require is not defined

Can somebody help me? :sweat:


#8

I have similar issue. I’m guessing this has something to do with the move to using Rollup.

Until this issue gets sorted I just included the lokijs.min.js file directly into my index.html page. Loki becomes a global object, but at least it got me up and running.


#9

Hi @s7ven,

Could you explain where you saved the lokijs.min.js file, and exactly how you imported it in the *.ts file?

Thanks,
Ryan


#10

Hi.

Anything you put in the /src/assets/ folder will be copied across to the www/assets/ folder.

So add this to your index.html

<script src="assets/js/lokijs.min.js"></script>

Declare loki object in your .ts file in a simple way to stop typescript whining

declare var loki: any;

Then you can instantiate a loki object like

myLoki = new loki( ...

hth.


#11

Hi @s7ven,

I still get the error “loki is not defined”.

This is the entirety of my *.ts page…

import { Component } from '@angular/core';

declare var loki: any;

@Component({
    templateUrl: 'hello-ionic.html'
})

export class HelloIonicPage {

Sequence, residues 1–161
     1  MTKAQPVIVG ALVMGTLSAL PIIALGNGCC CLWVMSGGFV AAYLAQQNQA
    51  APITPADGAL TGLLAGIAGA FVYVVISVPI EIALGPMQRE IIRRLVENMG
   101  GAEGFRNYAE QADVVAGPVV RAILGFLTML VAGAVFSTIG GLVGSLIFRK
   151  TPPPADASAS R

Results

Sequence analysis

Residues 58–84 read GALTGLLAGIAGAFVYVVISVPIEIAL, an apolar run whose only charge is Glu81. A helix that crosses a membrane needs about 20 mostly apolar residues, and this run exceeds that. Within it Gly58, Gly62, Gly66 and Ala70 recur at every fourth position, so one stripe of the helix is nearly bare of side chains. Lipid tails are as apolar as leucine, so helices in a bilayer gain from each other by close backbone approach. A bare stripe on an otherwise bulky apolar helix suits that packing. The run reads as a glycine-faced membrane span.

public db: any;                        // LokiJS database
    public robots: any;                    // our DB's document collection object

    constructor() {

        this.db = new loki('robotsOnTV');
        this.robots = this.db.addCollection('robots');

        this.robots.insert({ name: 'Bender', tvShow: 'Futurama' });
        this.robots.insert({ name: 'Rosie', tvShow: 'The Jetsons' });
        this.robots.insert({ name: 'K1', tvShow: 'Dr. Who' });

    }
}

I downloaded the minified LokiJS code and saved it to “src/assets/js/lokijs.min.js”.

And I’ve added the tag you mentioned to index.html.

Any thoughts why loki is still not recognized.

Thanks,
Ryan


#12

check your paths and look in folder to make sure it’s in there. sounds like it hasn’t been loaded.

/src/assets/js/loki.min.js

if file is loading ok, then use console to check what object is in global namespace. it wouldn’t surprise me if the actual name has changed from version to version. Just start typing

window.loki